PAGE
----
Having said this, I also have to offer a small heresy. I admire Night Fantasies, and am frankly amazed by it on repeated listenings. It is a triumph of imagination and dramatic sense. At the same time, I find it hard to love the way I do the Sonata. The reason is harmony; the Sonata has not only the same sort of invention in detail and rhythmic flow, but it is resonant in a manner perhaps unequaled before or after. It's possible that with another 40 years we'll hear Night Fantasies as being as accessible as the Sonata, but it also could be heard as one of the highest mannerist flowerings of a musical style that had nowhere else to go after its pinnacle. What makes the Sonata so relevant to today's new-music scene is precisely that balance between the harmonic and the rhythmic, that zone in which fearsome complexity still sounds open and effortless, where things just fit with one another.

Strange to say, 90+, the most recent work, sounds far more harmonically inviting and transparent to me than Night Fantasies, perhaps because its textures are leaner and its dimensions more compact. A bit like late Stravinsky, it says exactly what it needs to with no excess. One starts to have the unnerving feeling while listening that Carter may be in fact preparing the ground for some new breakthrough; we shouldn't put it past him.

Charles Rosen plays this music with a depth of understanding and empathy that comes from both great musicality and a penetrating intellect. It's almost unfair that someone who plays so beautifully can also write as profoundly as he has on musical topics. Rosen has a particular gift that is a godsend to Carter's music: He can project clear structures, both in phrasing and larger spans, like almost no other performer of these works I've heard. Listening with the score of Night Fantasies, I felt that Rosen knows when to charge through a gesture and when to linger ever so slightly (the same effect, by the way, comes without watching score). His is genuine interpretation, in that he brings to performance a creative and thoughtful sensibility analogous to the composer's. I've listened to Stephen Dairy's performance of Night Fantasies on Neuma 450-76, and the difference is instructive. Drury in some ways nails the precise note-to-note wonders of detail in the work better than Rosen (frankly, with a piece of this difficulty, any pianist presenting a recording is going to be of a caliber to have the notes and rhythms fully under control). But at the same time, I do feel the piece exists in a slightly more "moment-to-moment" form in his hands, while in Rosen I feel the necessity of certain events when they arrive. Ursula Oppens's performance of 90+ on Auvidis Montaigne (782091, reviewed last issue) probably brings out the jazzy filigree of the work better, and I find this quality ravishing, but again Rosen projects the architecture more clearly. As for the Sonata, I almost wept by the piece's end, Rosen's performance being so passionate and the work's culmination being so cathartic. Frankly, I wouldn't want to give up any of these performances, because these are all spectacular pianists. But I do feel Rosen has a particular spiritual kinship with Carter that shapes and delivers these pieces to us as wholes.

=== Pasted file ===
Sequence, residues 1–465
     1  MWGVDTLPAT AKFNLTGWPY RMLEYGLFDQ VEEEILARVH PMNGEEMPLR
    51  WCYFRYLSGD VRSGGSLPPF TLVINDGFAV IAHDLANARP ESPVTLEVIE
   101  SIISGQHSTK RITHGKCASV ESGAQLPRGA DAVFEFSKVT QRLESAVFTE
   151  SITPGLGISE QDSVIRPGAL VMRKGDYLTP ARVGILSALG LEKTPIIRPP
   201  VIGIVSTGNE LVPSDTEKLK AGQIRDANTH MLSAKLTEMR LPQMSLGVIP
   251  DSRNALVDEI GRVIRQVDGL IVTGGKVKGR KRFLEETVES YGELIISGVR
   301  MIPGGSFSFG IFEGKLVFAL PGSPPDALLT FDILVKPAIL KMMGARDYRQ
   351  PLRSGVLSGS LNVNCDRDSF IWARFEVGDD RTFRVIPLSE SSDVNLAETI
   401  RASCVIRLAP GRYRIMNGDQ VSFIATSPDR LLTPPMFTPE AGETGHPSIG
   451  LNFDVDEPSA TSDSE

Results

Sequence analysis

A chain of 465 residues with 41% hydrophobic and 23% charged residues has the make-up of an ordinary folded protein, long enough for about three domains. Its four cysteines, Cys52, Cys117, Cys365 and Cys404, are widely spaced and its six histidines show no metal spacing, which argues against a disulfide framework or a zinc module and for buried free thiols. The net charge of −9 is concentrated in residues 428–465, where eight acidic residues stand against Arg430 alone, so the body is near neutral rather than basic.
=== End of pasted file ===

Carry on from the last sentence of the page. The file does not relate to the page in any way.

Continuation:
The sound is wonderful, and there's a bonus track of a conversation between Rosen and Carter where the wit and geniality of the composer comes through. This program is the first to present all three pieces, and when combined with Rosen's artistry, it makes for a major release. A great document of American music.

-- Robert Carl, FANFARE [1999]
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Works on This Recording

90+ by Elliott Carter
Performer:  Charles Rosen (Piano)
Period: 20th Century 
Written: 1994; USA 
Date of Recording: 12/1996 
Venue:  MasterSound Studios, Astoria NYC 
Length: 6 Minutes 13 Secs. 
Sonata for Piano by Elliott Carter
Performer:  Charles Rosen (Piano)
Period: 20th Century 
Written: 1945-1946; USA 
Date of Recording: 1982 
Venue:  Netherlands 
Length: 22 Minutes 41 Secs. 
Notes: Ver: 1982 
Night Fantasies by Elliott Carter
Performer:  Charles Rosen (Piano)
Period: 20th Century 
Written: 1980; USA 
Date of Recording: 1982 
Venue:  Netherlands 
Length: 21 Minutes 0 Secs.